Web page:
Walking has traditionally been a recommended activity due to its accessibility and numerous physical and mental health advantages. Even though it has always been a part of human existence, it has not always been done with shoes! Our modern world tends to overlook the advantages of going barefoot. So, for whom is this exercise intended, and what can we do to guarantee that this reconnection with nature occurs in the best possible conditions?
The health advantages of barefoot walking
Despite the fact that wearing shoes fulfils our aesthetic and utilitarian needs, it is critical to allow our feet to move freely.
For starters, our shoes force our foot muscles to operate in an unnatural manner. We don’t realise it, but a barefoot uses a lot more muscles than a shoed foot! It gains mobility and must behave differently to our balancing needs once it is free of its restrictions.
The muscles of the entire leg and even the back work and tone up as a result of the domino effect.
As such, blood circulation is enhanced, and you avoid the “heavy legs” feeling that sometimes develops after prolonged standing.
Not only is it healthier to go barefoot, but it is also more enjoyable. When we wear shoes, we don’t typically activate the millions of nerve endings on our feet. Walking barefoot and re-discovering sensations helps you to activate these nerve endings by massaging them, so relieving neurological tension and, as a result, reducing your stress levels.
What is the best way to walk barefoot?
When you walk barefoot for the first time in a long time, you will undoubtedly realize that it is uncomfortable! Of course, the surface on which you practice must be decided, and a lawn will be far more pleasant than a pebble beach.
Start with surfaces that are easily accessible, such as your house or yard, to get the benefits of walking without shoes. This will acclimate your feet to walking barefoot and strengthen the skin on your arches.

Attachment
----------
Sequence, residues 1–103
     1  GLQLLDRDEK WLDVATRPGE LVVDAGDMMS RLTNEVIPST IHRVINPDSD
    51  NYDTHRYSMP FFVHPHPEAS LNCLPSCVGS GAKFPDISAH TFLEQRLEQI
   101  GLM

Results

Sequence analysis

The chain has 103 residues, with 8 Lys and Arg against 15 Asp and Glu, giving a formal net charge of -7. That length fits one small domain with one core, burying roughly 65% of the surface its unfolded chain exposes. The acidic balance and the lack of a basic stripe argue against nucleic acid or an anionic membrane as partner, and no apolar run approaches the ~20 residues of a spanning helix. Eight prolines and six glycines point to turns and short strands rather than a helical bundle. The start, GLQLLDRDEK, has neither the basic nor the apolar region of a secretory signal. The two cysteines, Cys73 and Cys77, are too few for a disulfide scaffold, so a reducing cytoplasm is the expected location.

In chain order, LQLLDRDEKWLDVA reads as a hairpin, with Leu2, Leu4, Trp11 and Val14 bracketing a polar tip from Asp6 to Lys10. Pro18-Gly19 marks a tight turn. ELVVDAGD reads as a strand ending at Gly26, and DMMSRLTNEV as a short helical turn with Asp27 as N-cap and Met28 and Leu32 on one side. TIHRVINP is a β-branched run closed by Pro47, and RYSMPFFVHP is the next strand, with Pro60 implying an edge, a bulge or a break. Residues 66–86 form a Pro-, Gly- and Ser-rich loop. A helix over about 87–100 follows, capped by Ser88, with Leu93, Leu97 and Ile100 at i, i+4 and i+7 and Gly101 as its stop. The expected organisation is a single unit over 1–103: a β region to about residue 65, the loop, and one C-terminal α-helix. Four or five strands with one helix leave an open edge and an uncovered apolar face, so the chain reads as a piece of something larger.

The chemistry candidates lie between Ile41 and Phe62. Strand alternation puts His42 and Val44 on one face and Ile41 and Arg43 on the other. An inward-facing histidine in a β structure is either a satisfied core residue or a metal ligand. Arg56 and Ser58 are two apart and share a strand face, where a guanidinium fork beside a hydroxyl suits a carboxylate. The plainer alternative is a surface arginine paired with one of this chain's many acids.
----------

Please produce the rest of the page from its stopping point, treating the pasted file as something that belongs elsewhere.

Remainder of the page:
Then you could take your shoes off for walks – in the park, on grass at first, then on rougher terrain – for as long as you feel comfortable. Start on flat terrain if possible, so you can focus on the textures rather than the slope of the ground or your stability.
If you plan on hiking sans shoes, bring a pair with you in case you need to protect your feet if the terrain isn’t as easy as you thought. To prevent making the trip unpleasant, carrying a first aid bag in case of blisters or injuries is also a smart idea.
If you wish to work out or run barefoot, start with short periods of time and in regions that are safe for your feet before progressing further. Barefoot running has various advantages, including reduced stress on the heel, greater weight distribution, and better muscle stimulation. However, it’s critical to stay in your comfort zone and avoid pushing yourself too hard too fast, since you risk harming yourself. Before weighing the dangers and advantages of this technique for yourself, it is generally a good idea that you get expert advice.
Barefoot walking is not for everyone
Walking barefoot has several health benefits, however those who are diabetic, have circulatory difficulties in their feet and legs, or who have foot health concerns should exercise caution when doing so, despite the many advantages.
Actually, a diabetic’s foot can swiftly deteriorate into severe sores that, in the worst-case scenario, may need amputation.
Take a few seconds after each walking session to evaluate your feet for any potential concerns. Watch out for:
– Sores and cuts;
– Blisters or warts;
– Abnormal swelling of the foot.
This way, you’ll be able to track your progress and contact a podiatrist right away if the discomfort persists or the wounds get abnormally infected.
Assess your foot health prior to walking barefoot
You would have learned by now that the benefits of this simple activity of walking barefoot are many, whether they are physical or psychological. Keep in mind, nevertheless, that you must keep within your bounds. If you’d want to start this practice with the help of specialists, contact FootNetwork – a network of podiatrist clinics in Quebec.